Alice Gas – “Paranoid”
“Every time I talk it’s like I’m screaming in a void,” is how I felt most of this year.
Serena Isioma – “Sensitive”
Chicago-based Serena Isioma broke out this year with her Serena EP. With its churning guitars and psychedelic funk aspects, the title track is one of the most exciting finds from this year. Isioma’s confidence easily blisters any of her enemies. It’s the perfect, pungent introduction for an artist letting us know she’s going to make it on her own terms. “I’d never sell out for a check, you stupid mutha fucka,” she icily sings at one point. Even though her words are searing, Isioma doesn’t sound bitter. She’s making her way, and she doesn’t have to waste an ounce of energy on assholes trying to derail her, particularly government rats. The latter half of “Sensitve” loses its bounce and slinks into a dreamier tempo. “The government the opps, my enemies,” she quietly raps. “I need a hundred million dollars to fix these broken streets.” By the end, Isioma zooms out and shows us the systemic, competitive mess she’s trying to break out of.
Quarter Life Crisis, Frances Quinlan – “Postcard From Spain”
The first single from Ryan Hemsworth’s latest project Quarter Life Crisis is an instant hit. This was one of the few tracks of 2020 that I put on repeat for hours, falling deep into a hole of Frances Quilan’s splintering vocals. It’s a perfect blend of round acoustic guitar strums and shimmers of background synths.
Sipper – “Dance In Room Song”
Imagine taking that last drag of a cigarette, sip of tequila, or begrudged inhale before acknowledging everything and everyone around you fucking sucks. Then, you let it rip, limbs punching the air with furry and vibrance along to the flickering guitar licks and unrelenting drum machine. Everything sucks, but you let it out in any possible way. Dancing. Screaming. Crying. “Dance In Room Song” seems to be a pungent heartbreak (“Love is dead!”) but it also speaks to the frustration of the year, the time slipping through our hands like grasping for a ghost. Over a hypnotic beat that Charlie Brown and gang could dance double-time to, “Dance In Room Song” is a joyous, depressive romp that I’ll be embracing for a while.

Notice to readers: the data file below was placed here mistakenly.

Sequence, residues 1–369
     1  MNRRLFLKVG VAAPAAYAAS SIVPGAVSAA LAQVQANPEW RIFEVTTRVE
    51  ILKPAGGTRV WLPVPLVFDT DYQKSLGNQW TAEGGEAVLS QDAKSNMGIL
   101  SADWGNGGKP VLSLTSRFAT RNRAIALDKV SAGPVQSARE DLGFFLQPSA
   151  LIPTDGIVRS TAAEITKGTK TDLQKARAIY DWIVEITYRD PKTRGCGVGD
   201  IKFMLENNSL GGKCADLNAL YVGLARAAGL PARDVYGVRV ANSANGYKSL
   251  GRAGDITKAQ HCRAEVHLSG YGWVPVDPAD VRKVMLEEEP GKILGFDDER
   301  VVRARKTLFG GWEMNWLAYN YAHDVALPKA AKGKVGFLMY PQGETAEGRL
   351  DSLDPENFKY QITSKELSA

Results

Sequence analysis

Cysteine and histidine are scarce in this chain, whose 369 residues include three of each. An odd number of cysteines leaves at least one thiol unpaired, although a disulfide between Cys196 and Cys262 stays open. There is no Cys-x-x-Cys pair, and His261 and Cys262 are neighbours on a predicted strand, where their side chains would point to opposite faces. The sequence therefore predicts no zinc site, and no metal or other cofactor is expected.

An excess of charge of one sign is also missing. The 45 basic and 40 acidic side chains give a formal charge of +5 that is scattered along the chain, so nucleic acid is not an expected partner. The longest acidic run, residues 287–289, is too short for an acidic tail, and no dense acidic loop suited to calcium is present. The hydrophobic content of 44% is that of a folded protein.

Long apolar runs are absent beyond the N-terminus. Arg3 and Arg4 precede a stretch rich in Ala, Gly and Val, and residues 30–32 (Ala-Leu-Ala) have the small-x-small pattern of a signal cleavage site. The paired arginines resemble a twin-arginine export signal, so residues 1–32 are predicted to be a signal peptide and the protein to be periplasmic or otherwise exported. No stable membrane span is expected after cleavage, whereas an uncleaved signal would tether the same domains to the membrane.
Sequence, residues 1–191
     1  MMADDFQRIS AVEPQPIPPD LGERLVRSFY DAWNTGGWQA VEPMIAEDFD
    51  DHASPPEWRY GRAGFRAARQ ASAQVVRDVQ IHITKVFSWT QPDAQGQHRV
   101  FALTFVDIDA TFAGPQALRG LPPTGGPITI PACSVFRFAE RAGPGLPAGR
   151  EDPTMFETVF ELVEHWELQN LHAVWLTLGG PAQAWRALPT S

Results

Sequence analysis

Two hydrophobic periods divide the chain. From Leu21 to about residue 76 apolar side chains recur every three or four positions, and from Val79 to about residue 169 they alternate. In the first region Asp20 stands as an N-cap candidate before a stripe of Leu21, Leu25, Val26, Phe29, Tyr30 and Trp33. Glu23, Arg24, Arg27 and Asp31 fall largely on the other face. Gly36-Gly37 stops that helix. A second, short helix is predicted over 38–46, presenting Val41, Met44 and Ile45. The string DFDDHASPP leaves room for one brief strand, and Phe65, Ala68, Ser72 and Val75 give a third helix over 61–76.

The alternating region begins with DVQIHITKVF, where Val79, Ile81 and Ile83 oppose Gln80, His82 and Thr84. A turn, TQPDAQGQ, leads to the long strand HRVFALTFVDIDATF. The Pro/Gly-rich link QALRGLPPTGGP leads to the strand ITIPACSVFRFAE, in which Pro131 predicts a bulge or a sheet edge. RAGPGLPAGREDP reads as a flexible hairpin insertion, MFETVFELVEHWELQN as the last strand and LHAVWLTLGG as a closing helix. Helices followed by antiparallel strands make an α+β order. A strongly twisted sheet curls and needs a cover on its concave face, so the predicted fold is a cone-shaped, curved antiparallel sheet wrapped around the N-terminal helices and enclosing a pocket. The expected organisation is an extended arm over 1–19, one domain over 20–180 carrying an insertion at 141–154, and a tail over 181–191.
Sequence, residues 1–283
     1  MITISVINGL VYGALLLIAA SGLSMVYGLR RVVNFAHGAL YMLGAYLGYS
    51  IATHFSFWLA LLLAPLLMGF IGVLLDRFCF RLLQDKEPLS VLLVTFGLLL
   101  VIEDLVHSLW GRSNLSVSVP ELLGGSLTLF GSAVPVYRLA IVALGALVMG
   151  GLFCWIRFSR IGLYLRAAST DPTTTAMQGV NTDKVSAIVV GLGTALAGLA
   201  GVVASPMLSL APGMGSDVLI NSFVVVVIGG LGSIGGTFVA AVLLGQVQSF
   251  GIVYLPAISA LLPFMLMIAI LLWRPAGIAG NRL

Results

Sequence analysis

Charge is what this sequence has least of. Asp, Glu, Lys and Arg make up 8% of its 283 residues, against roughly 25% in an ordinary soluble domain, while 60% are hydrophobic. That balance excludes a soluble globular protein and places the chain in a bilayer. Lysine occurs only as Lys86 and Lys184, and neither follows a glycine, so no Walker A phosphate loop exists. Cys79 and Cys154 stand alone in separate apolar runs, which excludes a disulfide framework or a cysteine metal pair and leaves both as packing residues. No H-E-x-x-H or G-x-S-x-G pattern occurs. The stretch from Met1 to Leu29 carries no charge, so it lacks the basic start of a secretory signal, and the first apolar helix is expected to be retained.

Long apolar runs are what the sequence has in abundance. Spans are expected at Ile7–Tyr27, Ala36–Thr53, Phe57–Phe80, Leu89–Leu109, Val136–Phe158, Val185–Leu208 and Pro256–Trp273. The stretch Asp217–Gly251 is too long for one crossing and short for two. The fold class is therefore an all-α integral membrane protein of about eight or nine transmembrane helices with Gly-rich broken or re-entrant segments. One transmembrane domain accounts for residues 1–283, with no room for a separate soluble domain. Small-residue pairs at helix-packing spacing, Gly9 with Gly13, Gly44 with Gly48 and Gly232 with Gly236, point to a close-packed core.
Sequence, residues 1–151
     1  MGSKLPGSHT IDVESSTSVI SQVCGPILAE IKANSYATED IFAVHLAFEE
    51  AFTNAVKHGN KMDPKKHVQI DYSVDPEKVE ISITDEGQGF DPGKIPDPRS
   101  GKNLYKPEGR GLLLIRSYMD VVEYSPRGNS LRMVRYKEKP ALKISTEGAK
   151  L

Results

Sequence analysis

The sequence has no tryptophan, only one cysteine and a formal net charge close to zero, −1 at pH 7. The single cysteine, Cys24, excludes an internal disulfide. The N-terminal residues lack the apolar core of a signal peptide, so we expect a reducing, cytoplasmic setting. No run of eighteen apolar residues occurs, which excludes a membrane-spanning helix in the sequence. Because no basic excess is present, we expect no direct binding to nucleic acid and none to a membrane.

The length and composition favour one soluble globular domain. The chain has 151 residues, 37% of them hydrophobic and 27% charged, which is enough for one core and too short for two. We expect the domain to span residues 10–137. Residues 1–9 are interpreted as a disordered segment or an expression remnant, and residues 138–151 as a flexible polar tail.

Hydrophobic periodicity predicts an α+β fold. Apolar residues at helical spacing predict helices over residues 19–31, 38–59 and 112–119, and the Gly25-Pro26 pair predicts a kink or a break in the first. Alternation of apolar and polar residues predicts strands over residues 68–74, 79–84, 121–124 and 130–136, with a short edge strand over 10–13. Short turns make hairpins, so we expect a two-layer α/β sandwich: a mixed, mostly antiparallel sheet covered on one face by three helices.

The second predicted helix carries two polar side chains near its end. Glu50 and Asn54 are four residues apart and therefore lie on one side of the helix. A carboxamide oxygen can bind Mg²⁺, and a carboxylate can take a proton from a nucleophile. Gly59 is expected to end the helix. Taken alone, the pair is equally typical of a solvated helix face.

Love Fame Tragedy – “5150”
This year was probably the one that made us all collectively realize how important and fragile mental health can be. Sheltering in place has forced us to think about how to stimulate ourselves while saving lives and respecting the health of those around us. Wombats’ singer Matthew Murphy reflects on his mental obstacles on a single for his project Love Fame Tragedy. It’s almost unsettlingly deceptive how laid back and catchy “5150” presents itself. With shimmering keyboard plucks and subtle horn embellishments, Love Fame Tragedy tackles the self-destructive and dark halls of ourselves that we can get lost in. “Some days aren’t so pretty/I want to hit the breaks when I hit the gas,” goes the chorus. The title refers to the California Law Code that involuntary commits individuals to psychiatric care if they present a danger to themselves or others. “Sometimes you want to change when you know you can’t.” Murphy distills that conflicting feeling that one might not get the chance to articulate while caught in the confines of mental strife.